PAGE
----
THE TREASURE BENEATH

Turkey 2013 | ENERGY & MINING | FOCUS: COAL POWER

Turkey's growing coal reserves have attracted increased attention from international companies, with government incentives being used to jump start a sector bursting with potential.

Over the past decade, Turkey's dependence on imported natural gas to fire its growing demand for electricity has expanded. Now, the country is taking steps to promote its vast coal reserves to foreign companies working in the energy sector and incentivize the development of coal as a power source.

At the beginning of 2013, Abu Dhabi's national energy company, TAQA, signed a $12 billion cooperation deal with EÜAŞ for a joint venture electricity generation project in southeastern Turkey, mainly using recently discovered lignite reserves in the region. “About 40% of Turkey's lignite potential is located in the Afşin-Elbistan lignite field," Halil Aliş, General Manager of EÜAŞ, said to TBY. “The potential installed capacity from a thermal power plant in that field is approximately 8,200 MW."

In early May 2013, Turkish Hattat Holding and China's Harbin Electric International also agreed to build a new coal-fired power plant in the Black Sea city of Amasra. The plant is projected to have a capacity of 2,640 MW and approximately $2.4 billion in investment is required to complete its construction. The deal marked the growing importance of coal as an energy source for a country that is experiencing exponential increases in demand. Of the 56,132 MW of installed energy capacity in the country, 8,140 MW is currently produced by domestic coal-powered generation.

In the first stage of the development in Amasra, 5 million tons of coal will be extracted on a yearly basis, Vice-Chairman of Hattat Holding, İbrahim Hattat, told the press. This amount will then be doubled to 10 million tons in coming years. After the facility and plant are constructed, coal extraction will begin at some point in 2014. Hattat Holding is already producing 1,000 tons of coal per day in nearby Zonguldak, and has been working with the resource for seven years in Bartın province.

In a recent push to take advantage of Turkey's diverse resources, local exploration activities have led to the discovery of more than 14 billion tons in coals reserves. Up until recently, analysts believed that there was only around 8 billion tons of the resource. “Since 2005, new databases were opened for common usage, and there were new exploration studies," Mustafa Aktaş, General Manager and Chairman of the Board of Turkish Coal Enterprises (TKİ), told TBY. “We have only explored 40% of Turkey for coal." Current exploration is being carried out by the General Directorate of Mineral Research and Exploration (MTA), which is part of the Ministry of Energy and Natural Resources. Of the total discovered coal reserves, TKİ owns approximately 2.6 billion tons.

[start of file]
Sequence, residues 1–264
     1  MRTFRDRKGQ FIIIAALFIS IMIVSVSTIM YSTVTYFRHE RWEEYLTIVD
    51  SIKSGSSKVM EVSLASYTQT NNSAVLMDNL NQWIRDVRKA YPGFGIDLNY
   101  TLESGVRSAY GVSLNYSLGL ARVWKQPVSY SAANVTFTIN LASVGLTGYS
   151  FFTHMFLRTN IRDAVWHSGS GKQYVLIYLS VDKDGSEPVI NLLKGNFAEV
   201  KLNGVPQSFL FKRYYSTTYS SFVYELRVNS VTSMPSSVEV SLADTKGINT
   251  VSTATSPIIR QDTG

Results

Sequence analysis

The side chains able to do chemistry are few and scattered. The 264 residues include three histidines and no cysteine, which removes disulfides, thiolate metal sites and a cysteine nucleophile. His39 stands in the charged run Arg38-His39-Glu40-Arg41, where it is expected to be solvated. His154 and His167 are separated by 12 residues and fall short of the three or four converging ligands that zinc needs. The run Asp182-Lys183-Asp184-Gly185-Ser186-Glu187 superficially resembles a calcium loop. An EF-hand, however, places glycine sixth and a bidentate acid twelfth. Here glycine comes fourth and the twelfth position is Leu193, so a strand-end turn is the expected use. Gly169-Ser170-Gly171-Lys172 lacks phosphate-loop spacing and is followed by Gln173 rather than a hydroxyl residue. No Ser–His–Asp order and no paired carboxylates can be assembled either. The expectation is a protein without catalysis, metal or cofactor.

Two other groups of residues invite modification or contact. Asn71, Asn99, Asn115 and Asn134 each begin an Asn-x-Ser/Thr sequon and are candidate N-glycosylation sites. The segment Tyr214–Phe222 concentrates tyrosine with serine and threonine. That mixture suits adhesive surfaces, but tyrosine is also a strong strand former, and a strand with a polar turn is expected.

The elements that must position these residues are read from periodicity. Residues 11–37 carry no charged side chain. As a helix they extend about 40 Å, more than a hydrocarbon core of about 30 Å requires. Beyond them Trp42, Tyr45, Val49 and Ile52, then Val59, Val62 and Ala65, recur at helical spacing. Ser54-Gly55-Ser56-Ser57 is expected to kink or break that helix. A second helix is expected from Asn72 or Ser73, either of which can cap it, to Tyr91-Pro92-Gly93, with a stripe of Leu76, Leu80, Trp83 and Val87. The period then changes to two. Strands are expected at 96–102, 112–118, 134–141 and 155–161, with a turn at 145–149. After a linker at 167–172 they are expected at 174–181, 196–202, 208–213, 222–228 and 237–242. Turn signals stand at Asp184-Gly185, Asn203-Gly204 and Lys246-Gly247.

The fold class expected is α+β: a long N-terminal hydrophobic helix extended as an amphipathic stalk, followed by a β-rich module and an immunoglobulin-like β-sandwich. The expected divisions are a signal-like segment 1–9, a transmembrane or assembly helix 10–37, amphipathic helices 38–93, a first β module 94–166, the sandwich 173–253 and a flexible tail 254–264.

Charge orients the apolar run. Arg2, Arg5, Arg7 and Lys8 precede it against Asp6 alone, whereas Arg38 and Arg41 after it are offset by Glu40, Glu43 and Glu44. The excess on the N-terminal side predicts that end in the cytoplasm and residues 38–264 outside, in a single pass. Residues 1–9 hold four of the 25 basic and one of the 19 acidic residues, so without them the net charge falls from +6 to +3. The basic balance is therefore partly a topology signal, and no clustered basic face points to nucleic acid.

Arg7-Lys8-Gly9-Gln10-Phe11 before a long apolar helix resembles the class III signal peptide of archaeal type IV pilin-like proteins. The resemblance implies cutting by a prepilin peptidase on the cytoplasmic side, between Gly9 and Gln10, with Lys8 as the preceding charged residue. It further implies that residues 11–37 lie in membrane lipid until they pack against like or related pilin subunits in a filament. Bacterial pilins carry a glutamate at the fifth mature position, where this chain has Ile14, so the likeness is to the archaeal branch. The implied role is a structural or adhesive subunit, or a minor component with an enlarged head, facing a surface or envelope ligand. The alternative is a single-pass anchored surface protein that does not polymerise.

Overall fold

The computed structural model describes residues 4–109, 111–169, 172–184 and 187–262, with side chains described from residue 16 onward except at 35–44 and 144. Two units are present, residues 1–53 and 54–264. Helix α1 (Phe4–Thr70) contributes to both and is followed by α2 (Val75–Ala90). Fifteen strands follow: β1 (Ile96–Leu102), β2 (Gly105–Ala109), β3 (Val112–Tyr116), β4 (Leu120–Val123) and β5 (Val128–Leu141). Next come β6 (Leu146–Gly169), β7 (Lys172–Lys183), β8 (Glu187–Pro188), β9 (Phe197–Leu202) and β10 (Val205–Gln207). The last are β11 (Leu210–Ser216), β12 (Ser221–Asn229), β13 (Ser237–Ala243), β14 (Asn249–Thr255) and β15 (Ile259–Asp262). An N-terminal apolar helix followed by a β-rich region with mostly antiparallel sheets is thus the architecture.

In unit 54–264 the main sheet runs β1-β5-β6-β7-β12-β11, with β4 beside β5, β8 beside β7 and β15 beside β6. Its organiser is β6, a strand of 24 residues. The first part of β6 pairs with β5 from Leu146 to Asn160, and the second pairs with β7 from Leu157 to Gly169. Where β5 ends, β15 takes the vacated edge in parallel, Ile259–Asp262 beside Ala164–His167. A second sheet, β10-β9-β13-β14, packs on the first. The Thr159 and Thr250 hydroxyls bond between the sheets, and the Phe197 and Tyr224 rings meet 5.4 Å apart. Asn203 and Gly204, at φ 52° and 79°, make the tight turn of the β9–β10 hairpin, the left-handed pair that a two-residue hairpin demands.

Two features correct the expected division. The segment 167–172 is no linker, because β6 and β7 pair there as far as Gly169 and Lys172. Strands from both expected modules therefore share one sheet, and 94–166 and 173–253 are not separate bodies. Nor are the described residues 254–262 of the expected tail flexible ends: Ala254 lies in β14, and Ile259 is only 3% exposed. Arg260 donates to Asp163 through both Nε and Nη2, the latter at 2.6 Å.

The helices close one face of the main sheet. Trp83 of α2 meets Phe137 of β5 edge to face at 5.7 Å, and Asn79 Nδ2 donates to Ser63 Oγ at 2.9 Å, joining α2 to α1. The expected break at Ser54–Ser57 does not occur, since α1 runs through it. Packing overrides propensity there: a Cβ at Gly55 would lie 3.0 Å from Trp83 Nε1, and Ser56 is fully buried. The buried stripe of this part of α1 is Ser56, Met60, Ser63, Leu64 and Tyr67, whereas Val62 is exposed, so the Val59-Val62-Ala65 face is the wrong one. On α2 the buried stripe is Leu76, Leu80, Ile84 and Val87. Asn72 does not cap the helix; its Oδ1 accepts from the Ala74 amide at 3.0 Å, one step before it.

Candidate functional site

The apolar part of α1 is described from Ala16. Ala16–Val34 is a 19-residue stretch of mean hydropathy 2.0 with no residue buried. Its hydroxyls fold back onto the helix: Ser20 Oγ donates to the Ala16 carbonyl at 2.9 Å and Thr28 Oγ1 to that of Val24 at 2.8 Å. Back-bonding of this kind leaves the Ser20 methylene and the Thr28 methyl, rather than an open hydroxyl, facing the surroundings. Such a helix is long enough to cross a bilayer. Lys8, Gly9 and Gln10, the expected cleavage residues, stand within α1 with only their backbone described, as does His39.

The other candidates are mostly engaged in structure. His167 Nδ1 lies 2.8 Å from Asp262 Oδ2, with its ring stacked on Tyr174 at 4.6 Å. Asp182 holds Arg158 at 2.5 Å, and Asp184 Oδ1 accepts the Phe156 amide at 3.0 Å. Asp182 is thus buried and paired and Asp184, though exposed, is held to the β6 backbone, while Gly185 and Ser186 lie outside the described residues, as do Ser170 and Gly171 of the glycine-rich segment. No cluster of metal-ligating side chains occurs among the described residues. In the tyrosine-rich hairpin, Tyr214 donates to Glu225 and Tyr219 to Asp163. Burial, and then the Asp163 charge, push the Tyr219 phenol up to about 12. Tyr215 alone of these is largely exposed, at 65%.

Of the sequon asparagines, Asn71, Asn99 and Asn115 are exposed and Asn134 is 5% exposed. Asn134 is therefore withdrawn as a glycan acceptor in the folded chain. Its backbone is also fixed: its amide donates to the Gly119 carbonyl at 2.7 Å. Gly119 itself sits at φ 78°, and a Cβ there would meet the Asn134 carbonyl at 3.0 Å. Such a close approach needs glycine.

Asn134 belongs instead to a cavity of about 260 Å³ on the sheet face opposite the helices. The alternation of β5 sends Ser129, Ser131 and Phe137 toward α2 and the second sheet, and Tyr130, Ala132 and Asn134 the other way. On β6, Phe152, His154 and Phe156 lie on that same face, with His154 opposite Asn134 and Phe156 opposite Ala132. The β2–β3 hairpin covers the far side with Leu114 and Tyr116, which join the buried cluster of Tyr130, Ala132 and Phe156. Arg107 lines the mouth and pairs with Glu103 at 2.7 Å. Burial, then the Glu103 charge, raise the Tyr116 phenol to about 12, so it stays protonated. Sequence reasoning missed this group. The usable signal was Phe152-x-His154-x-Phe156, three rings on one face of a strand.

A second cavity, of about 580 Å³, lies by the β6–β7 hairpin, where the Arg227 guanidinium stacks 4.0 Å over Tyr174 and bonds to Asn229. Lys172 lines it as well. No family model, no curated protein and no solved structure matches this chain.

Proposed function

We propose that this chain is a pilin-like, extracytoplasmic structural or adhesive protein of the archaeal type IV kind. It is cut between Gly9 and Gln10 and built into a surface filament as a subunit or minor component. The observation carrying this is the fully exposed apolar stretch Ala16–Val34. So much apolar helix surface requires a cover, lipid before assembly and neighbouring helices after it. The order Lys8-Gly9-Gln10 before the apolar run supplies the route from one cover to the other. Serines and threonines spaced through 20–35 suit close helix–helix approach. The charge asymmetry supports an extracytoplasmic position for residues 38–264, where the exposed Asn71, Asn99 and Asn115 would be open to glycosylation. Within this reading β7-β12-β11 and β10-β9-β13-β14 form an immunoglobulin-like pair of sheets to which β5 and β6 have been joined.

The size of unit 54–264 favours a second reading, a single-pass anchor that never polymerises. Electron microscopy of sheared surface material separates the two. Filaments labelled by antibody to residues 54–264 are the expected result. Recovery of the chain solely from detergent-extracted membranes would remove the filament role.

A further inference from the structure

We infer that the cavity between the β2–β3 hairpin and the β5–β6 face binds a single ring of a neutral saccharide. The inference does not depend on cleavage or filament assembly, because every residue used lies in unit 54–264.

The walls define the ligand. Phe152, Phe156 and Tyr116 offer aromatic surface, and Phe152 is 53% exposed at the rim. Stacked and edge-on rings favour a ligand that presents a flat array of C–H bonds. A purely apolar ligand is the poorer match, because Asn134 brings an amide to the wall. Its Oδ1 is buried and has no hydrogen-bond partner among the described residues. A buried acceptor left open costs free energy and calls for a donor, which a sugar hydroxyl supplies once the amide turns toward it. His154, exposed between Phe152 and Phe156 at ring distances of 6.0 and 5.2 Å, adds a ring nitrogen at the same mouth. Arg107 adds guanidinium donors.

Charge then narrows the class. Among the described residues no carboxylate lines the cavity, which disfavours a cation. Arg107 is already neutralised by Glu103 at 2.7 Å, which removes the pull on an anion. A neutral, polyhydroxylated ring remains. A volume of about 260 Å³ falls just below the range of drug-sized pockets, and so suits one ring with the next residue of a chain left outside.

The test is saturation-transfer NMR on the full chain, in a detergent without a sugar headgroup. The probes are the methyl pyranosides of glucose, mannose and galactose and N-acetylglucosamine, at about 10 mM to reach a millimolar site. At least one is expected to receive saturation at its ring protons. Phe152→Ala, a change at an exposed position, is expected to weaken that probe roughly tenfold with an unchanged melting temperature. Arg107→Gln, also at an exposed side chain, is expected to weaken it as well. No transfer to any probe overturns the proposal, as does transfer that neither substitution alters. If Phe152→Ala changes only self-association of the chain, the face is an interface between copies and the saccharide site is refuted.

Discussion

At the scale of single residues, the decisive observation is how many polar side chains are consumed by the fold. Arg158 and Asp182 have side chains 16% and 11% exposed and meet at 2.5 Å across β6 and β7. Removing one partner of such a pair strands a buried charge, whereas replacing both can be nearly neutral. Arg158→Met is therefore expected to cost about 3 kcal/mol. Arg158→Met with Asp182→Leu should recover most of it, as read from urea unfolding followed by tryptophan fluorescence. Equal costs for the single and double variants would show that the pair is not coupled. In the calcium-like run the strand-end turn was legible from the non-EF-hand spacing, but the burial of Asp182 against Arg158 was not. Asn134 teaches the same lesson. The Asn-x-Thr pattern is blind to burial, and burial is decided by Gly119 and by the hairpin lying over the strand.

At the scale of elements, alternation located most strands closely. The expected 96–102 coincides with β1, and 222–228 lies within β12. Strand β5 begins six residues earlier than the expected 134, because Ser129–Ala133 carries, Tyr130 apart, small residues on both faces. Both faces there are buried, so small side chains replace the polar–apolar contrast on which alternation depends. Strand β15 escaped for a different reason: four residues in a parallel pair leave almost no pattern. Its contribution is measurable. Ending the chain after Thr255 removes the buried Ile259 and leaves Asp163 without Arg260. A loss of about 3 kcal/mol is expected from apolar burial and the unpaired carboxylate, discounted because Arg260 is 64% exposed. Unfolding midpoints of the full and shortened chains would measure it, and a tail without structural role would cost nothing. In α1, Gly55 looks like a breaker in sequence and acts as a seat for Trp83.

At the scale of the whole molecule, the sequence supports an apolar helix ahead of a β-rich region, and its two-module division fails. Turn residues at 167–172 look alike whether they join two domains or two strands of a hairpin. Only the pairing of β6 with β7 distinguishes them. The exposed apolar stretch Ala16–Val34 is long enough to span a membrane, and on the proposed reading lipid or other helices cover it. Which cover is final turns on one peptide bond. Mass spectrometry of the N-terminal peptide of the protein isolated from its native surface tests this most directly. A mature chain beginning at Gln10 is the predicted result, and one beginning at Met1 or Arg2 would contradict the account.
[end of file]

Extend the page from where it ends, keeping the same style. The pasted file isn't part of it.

Throwing its support behind the diversification of Turkey's energy mix, the Ministry of Energy and Natural Resources has spearheaded incentives and support for the coal industry. As part of the government's larger Vision 2023, the authorities are aiming for 30% of targeted energy production—from a total of 100 billion MWh per year—to be from coal. With the present-day share of coal at 17%, activity in the sector is expected to double over the next decade. According to legislation approved in June 2013, investments for coal extraction in manufacturing, energy, and mining are eligible to benefit from incentives in both high- and low-calorie coal. In the wake of new discoveries of lignite resources, the Ministry of Energy and Natural Resources is also encouraging the fueling of thermal power plants with coal. “Coal is one of the most important domestic resources for Turkey," Taner Yıldız, Minister of Energy and Natural Resources, explained to TBY, adding “The potential of domestic resources that can be used from lignite power in electricity generation is 120 billion kWh/year, and 44% of that potential has been evaluated." In line with the latest findings, the government has developed a new model to produce power from coal. With activity in the sector accelerating, investors interested in the project will have until the end of 2013 to prove their commitment. Turkey is aiming to generate about 18,000 MW of electricity using coal, and the Ministry has agreed to support any serious investors for a period of 30 years.